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Messages from 137075

Article: 137075
Subject: Re: Bit width in CPU cores
From: rickman <gnuarm@gmail.com>
Date: Sun, 21 Dec 2008 22:36:05 -0800 (PST)
Links: << >>  << T >>  << A >>
On Dec 21, 12:32 pm, m_l_g3 <m_l...@yahoo.com> wrote:
> On Dec 21, 12:13 pm, rickman <gnu...@gmail.com> wrote:
>
> > I meant to crosspost to CLF and I also wanted to ask if anyone has
> > looked at similarly making the word size a multiple of 9 rather than 8
> > bits.  That not only matches the BRAMs, but also the multipliers.  Is
> > there any real advantage to this?  I guess this could make it a bit
> > hard to address 8 bit bytes in an 18 bit word.  Or maybe not.
> > Opinions?
>
> ANS Forth says that address units need not be bytes.
> You may have 18-bit AUs, 9-bit AUs, or 6-bit AUs.
> (In the latter case you will need a fast division by 3 :).
>
> On a processor that used 16-bit words and ignored the least
> significant bit, it was easy to make a software emulation of
> byte access (by the way, both big- and little-endian could be
> emulated).
>
> As to instructions, do you want to pack commands of the
> same size into 18-bit words, or it is ok to have commands
> of different sizes?
>
> For example, you can make a frequency study of instruction
> usage, and encode more frequently used instructions with
> a smaller amount of bits. (Yes, I am a mathematician.)
> You can pack up to 4 instructions into a 18-bit word,
> provided that only 2 of them are 5-bit.
> You will not need to shift more than by one bit:
> if the instruction is 4-bit (bits 0-3), the next
> instruction starts at bit 4;
> if the instruction is 5-bit (bits 0-4), you will
> need to shift the word by 1 bit to have the next
> instruction at the same bit 4.
>
> Alternatively, you may have three 5-bit instructions and one
> 3-bit instruction (having some defaults about the two bits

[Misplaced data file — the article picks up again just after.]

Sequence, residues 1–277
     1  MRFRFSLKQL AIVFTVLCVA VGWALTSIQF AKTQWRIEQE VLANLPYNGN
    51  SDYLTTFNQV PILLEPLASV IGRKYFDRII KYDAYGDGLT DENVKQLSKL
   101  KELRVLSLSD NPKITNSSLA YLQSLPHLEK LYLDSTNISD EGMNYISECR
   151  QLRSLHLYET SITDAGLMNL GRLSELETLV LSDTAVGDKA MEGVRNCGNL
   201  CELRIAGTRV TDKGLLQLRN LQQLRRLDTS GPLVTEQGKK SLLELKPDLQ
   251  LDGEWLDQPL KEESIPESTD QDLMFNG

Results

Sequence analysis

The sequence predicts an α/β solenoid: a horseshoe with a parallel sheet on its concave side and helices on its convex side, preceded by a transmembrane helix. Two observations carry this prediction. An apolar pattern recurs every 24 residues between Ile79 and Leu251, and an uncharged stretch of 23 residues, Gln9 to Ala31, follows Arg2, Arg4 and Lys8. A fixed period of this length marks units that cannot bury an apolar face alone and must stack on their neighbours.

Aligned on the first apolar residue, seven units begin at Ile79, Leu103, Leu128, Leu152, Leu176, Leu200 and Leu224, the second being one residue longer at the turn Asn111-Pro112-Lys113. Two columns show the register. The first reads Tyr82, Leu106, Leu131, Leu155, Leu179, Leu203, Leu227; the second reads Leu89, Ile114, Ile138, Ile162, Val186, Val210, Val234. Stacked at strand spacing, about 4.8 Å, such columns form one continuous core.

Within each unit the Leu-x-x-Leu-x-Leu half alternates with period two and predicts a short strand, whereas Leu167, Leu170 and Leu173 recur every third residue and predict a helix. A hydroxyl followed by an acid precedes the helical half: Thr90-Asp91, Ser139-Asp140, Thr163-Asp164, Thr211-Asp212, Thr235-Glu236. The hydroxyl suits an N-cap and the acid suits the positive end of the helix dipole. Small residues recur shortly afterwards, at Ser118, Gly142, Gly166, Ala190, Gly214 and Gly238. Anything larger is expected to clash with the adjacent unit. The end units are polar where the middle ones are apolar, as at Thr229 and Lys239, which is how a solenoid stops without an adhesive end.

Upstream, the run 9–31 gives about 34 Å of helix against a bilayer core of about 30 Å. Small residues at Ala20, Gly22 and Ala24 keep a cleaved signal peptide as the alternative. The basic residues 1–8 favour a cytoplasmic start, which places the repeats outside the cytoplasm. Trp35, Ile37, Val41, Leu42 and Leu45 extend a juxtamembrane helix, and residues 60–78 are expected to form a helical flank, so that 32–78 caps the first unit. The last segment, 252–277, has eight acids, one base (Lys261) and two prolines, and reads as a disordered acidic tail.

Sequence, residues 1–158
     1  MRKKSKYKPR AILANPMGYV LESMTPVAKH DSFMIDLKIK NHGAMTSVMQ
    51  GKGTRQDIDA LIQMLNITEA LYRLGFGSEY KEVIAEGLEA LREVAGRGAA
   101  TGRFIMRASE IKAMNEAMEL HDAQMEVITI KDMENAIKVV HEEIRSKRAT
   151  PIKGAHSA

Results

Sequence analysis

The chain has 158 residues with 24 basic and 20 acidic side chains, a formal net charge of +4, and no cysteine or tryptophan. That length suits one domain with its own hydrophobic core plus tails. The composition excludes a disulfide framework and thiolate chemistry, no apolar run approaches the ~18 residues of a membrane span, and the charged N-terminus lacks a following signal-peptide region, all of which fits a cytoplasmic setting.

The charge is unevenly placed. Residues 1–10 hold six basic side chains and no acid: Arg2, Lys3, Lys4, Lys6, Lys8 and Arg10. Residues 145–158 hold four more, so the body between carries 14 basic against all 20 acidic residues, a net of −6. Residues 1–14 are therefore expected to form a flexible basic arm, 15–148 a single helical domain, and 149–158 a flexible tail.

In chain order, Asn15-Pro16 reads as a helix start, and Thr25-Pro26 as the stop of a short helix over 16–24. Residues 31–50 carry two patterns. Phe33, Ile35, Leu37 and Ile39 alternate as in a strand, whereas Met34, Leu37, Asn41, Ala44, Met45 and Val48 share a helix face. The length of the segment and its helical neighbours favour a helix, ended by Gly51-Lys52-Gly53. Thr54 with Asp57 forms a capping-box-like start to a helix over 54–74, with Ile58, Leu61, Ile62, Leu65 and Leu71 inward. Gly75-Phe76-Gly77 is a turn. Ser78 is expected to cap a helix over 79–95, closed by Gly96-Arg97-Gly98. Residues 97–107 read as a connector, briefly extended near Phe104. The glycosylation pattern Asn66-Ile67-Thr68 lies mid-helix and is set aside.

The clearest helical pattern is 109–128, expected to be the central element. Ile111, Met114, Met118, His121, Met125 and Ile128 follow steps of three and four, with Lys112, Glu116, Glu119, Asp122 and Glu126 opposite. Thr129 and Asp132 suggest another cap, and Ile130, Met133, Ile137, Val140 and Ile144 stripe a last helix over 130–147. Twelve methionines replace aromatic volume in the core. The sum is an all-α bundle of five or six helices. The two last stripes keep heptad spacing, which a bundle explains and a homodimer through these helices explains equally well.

> that are not there).
>
> Only 1 memory access per 3 or 4 instructions ;)

Thanks for your comments.  I am aware of how instruction encoding can
be used to minimize memory bandwidth, but that is not a concern in
this design.  The instruction fetch has a separate memory interface
and runs as fast as the CPU.  Fetching more than one instruction at a
time just adds to the logic required to process instructions.  One of
the main goals is to minimize the logic use.  In fact, I spent a lot
of time trying to optimize the opcode assignments to minimize the
decode required.  So analysis of the instruction frequency was used,
but to figure the best encoding.

According to Koopman's data the most common instruction was LIT.  So
this was encoded as 1 bit with the rest of the instruction as data.
The call and jump instructions also have a data field leaving 32
opcodes for other instructions.  With the addition of the ninth bit
the return function can be done as a parallel operation if the return
stack is not being used by the main opcode.  Not the most efficient
use of a bit, but this bit is virtually free.

Rick

Article: 137076
Subject: Re: Bit width in CPU cores
From: Elizabeth D Rather <erather@forth.com>
Date: Sun, 21 Dec 2008 21:24:51 -1000
Links: << >>  << T >>  << A >>
rickman wrote:
> On Dec 21, 5:58 pm, hal-use...@ip-64-139-1-69.sjc.megapath.net (Hal
> Murray) wrote:
...
>> Are you planning to do string processing?  If so, what's wrong
>> with 9 bit bytes?  (just ignore the extra bit)
> 
> If it is just doing string processing, ignoring the 9th bit will work
> fine.  I guess I am very much used to the C mindset of supporting
> signed and unsigned byte data.  I can't say it is important to do any
> of this.  But I intended to provide a byte read from memory with sign
> extension.  So it may matter whether the eighth bit or the ninths bit
> is used for sign extension.  The more I think of it, the more I feel
> like I am over-thinking it.  Maybe I should just get something going
> and fine tune it later.  After all, this is already round three of the
> design.

You don't have 9-bit bytes (although you do have 9-bit addresses).  You